Next, I went to the 480 V, 3-phase Motor Control Center (MCC)
in the mechanical penthouse and checked the equipment grounding conductor for current.
Each half of the parallel feed (two raceways) to the MCC had three conductors and one
equipment grounding conductor. One grounding conductor was carrying twelve amperes and
the other eight amperes. These conduit risers were also warm to the touch and had high
mG readings as did other piping, handrails, etc. The grounding electrode conductor from
the transformer to the water pipe read 1 ampere.
An inspection of the grounding and bonding revealed that neither
transformer was grounded to building steel, the neutral to ground bond was missing in
the main distribution panel and the system main was only grounded to the main water pipe.
There was no bonding between the service equipment (600 main) to the building steel, and
there was no bonding between the water pipe to building steel.
An inspection of the eight 120/208 V, 3-phase, 100 A sub-panels
and the six 277/480 V, 3-phase, 100 A lighting panels revealed that 25 circuits had an
excess of .5 A net current. The highest reading was 14 A. (In commercial work, I generally
disregard any reading below .5 A because it can be difficult to find the problem).
The total of the 120/208-volt net currents came to 90 A and
there were 20 A from the 277/480-volt lighting side. In other words, there were 90 A of
transformer neutral balancing current that did not have a direct path back to the transformer.
A total of 110 A was flowing through the building steel.
I found 18 circuits had neutral to ground shorts in receptacles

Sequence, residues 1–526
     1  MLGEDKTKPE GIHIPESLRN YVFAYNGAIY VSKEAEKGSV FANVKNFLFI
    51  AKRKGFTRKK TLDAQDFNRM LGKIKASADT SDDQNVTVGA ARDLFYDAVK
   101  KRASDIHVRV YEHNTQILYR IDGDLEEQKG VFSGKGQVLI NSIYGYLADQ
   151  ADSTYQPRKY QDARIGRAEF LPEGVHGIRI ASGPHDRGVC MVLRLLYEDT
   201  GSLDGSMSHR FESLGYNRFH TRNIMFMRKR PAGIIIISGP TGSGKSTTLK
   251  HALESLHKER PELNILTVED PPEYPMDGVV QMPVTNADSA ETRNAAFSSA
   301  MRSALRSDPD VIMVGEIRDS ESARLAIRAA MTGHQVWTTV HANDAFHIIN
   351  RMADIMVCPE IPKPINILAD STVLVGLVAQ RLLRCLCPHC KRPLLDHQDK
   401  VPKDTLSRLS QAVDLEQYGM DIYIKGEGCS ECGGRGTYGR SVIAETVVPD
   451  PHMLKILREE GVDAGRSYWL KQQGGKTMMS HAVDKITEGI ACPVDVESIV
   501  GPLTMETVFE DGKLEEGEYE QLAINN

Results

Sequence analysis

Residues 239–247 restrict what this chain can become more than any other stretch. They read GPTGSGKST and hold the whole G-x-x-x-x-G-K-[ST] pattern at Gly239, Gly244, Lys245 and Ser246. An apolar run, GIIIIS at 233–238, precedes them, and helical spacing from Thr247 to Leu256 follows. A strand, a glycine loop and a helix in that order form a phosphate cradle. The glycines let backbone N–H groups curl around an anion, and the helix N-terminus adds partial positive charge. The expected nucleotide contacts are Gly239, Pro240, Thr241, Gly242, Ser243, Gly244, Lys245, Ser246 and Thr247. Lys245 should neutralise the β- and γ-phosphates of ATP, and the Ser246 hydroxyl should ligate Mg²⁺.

at connectors or wires cut on the ears of add-on boxes. A large copier had a neutral to
ground shorted surge suppressor, five lighting fixtures had ballast wires caught under
ballasts or ballast covers. The emergency feed transformer in the mechanical penthouse
fed a panel next to it, which fed several emergency circuits in cubicles on the third
floor. These cubicles also had normal power fed from the third floor panel. All the neutrals
were tied together in the cubicles causing net current.
While working with one electrician to clear the net currents,
another installed the needed and supplemental grounding and bonding and grounding rods.
Initially, before the net currents were cleared, the current on the grounding electrode
conductor for the main transformer (to building steel) was 30 A!
The new (and proper) grounding connection for the transformer
allowed the transformer to recover some needed neutral current and the transformer cooled
down some, but did not cool fully until all the net currents were cleared. The current
on the main transformer grounding electrode conductor (after the fixes) is now about 2
Clearing the net currents and correcting the bonding and grounding
has eliminated the problems at this property and improved the power factor on the transformer.
The reduction of net current helps in extending the life of lamps and ballasts, and the
reduction of fires.
Authors Comment: For more information about Power Quality as it related to grounding, visit http://www.mikeholt.com/Powerquality/Powerquality.htm
End of PQ case study
(B) Stopping Objectionable Current. If multiple neutral-to-ground
connections results in an objectionable flow of current, one or more of the following
shall be permitted to be made, provided that the fault current path is permanent, electrically
continuous, capable of safely carrying the maximum fault likely to be imposed on it, and
it has sufficiently low impedance to facilitate the operation of overcurrent devices under
fault conditions [250.2(A)(5)].
(C) Temporary Currents Not Classified as Objectionable Currents. Temporary fault current on the fault current path from a line-to-case connection, until the circuit overcurrent protection device removes the fault it is not classified as objectionable current.
250.8 Termination of Grounding and Bonding Conductors
250.10 Protection of Ground Clamps
250.12 Clean Surface
If you have any comments or suggestions on how I can improve this, please let me know, Mike@MikeHolt.com.
Copyright © 2003 Mike Holt Enterprises,Inc.